Tuesday, 1 September 2015



(Myopia: a lack of foresight; a narrow view of something)

I was watching a football match (Australian Rules) on TV last week when one of the umpires awarded a player a free kick, resulting in a goal, after his opponent had infringed on the rules.

One of the expert commentators was affronted by what he saw as a wrong decision. However, his fellow commentator leapt to the umpire’s defence, arguing that the decision was correct. Slo-mo replays of the incident did not resolve their different opinions.

As for me, I clearly saw that the umpire got it wrong. I’m sure the fact that the decision went against the team I support had no influence on my opinion!

We’ve all heard the expression: “You only see what you want to see”, and, no doubt, we’ve seen countless examples of this by us and by others. I certainly have.

I don’t know what was in the sports commentators’ minds regarding that free kick, but I certainly know what was in mine.

Speaking from personal experience, how I see things reflects my state of mind at the time. It reflects what I want to see. Regrettably, too often, it reflects something I don’t like about myself, that I then project out of my subconscious mind onto others, manifesting in false judgments.

No, I’m not talking about superficial judgments about umpiring decisions at football matches. I’m talking about how quick I am to see fault in others and judge them harshly to cover up my own perceived shortcomings.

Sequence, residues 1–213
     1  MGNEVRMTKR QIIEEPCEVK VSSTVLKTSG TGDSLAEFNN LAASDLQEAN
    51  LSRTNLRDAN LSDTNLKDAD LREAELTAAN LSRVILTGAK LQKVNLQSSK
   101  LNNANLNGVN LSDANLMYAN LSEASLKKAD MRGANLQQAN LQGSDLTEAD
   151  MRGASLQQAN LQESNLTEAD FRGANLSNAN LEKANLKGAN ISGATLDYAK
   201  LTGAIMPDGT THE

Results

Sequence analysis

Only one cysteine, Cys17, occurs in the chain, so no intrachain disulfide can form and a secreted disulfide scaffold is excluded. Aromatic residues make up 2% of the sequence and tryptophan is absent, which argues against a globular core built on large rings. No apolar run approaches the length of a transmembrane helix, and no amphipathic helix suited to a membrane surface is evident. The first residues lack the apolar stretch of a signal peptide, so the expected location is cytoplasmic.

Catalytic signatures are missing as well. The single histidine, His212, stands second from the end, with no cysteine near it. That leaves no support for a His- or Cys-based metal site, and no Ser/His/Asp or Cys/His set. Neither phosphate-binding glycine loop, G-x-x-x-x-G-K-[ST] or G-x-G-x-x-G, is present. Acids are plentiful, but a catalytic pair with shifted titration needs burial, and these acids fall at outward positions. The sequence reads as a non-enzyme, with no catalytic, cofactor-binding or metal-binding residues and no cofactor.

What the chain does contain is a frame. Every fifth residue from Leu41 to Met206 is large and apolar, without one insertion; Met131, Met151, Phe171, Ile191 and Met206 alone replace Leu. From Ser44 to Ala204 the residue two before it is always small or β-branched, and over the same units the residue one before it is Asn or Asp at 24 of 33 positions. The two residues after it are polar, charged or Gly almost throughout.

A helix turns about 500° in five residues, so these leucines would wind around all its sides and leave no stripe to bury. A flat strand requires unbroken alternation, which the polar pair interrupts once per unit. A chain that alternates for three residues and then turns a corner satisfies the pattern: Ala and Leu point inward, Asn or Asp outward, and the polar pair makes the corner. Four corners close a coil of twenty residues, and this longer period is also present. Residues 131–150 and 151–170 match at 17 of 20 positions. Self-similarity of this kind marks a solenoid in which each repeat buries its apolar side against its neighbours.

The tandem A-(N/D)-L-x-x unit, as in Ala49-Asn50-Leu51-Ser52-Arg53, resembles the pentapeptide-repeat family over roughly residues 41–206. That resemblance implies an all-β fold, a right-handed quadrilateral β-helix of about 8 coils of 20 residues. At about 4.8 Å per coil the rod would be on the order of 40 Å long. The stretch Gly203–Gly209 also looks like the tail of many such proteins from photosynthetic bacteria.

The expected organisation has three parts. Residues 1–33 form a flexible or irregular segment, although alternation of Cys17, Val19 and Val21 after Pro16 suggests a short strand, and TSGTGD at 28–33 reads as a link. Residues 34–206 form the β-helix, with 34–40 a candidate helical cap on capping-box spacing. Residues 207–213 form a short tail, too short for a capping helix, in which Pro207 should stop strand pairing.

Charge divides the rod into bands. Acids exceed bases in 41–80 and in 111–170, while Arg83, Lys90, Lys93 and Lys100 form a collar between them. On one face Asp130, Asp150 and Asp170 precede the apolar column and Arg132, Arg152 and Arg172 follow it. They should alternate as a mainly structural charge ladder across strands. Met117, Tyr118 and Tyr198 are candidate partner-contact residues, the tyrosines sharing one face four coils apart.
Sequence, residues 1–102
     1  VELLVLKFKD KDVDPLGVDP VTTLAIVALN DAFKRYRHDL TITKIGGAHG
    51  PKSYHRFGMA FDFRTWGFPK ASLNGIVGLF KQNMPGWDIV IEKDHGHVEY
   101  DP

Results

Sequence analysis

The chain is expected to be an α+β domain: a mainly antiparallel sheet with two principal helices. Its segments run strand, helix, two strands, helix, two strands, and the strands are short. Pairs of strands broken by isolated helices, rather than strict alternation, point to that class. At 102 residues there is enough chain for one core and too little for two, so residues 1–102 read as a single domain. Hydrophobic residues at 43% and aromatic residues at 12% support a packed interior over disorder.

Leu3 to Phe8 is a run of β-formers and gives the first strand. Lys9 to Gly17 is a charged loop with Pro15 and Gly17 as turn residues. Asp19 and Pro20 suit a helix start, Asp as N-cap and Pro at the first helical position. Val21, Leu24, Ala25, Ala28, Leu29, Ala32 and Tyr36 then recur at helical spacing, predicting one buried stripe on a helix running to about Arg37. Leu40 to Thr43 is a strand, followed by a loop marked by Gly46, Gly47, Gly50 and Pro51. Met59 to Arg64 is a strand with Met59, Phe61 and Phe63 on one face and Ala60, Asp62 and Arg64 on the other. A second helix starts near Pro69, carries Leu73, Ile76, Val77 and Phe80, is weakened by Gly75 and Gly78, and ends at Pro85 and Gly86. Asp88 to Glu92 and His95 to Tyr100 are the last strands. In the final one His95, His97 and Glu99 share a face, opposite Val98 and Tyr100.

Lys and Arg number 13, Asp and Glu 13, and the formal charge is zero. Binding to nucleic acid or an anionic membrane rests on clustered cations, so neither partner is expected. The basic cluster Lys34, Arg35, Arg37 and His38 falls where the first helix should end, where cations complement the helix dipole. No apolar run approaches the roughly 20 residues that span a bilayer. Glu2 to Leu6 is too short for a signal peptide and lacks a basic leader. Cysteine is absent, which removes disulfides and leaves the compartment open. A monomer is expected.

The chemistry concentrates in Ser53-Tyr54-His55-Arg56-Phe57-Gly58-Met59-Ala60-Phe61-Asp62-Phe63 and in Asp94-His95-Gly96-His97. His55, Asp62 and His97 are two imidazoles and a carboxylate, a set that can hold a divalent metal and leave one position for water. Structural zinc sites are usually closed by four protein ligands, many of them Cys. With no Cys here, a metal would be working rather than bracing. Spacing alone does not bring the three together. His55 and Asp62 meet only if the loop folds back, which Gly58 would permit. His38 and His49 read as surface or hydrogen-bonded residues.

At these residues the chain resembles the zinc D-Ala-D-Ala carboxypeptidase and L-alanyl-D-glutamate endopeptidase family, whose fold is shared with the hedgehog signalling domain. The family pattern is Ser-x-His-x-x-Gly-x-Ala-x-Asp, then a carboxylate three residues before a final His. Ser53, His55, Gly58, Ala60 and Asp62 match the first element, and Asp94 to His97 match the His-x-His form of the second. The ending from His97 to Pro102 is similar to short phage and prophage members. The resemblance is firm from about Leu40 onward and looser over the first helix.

However, I’ve discovered that projection of what I don’t like about myself onto others doesn’t work. It only increases my own guilt.

Playing the judgment game for most of my life has certainly caused problems, misunderstandings, and conflicts. My faulty judgments (of people) have caused me and others much pain.

What to do?

I am beginning to learn that having the awareness I am choosing to be offended by people in some way and judging them accordingly, having projected my own stuff onto them – means I can make another choice to prevent me from making hasty and false judgments.

By curbing my immediate urge to jump to a wrong conclusion and condemn someone through judgment, can save me (and others) from unnecessary pain.

Still on training wheels with this new approach and experiencing more spills than successes. But I keep trying to get back on the bike.

In the meantime, I’m still struggling with that football umpire’s grossly unfair and incorrect penalty!

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